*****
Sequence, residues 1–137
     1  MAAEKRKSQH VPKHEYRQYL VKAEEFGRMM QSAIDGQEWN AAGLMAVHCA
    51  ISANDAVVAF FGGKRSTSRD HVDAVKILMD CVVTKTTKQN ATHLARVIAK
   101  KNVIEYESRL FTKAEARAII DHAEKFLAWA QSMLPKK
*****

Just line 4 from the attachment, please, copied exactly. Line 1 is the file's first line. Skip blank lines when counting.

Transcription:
   101  KNVIEYESRL FTKAEARAII DHAEKFLAWA QSMLPKK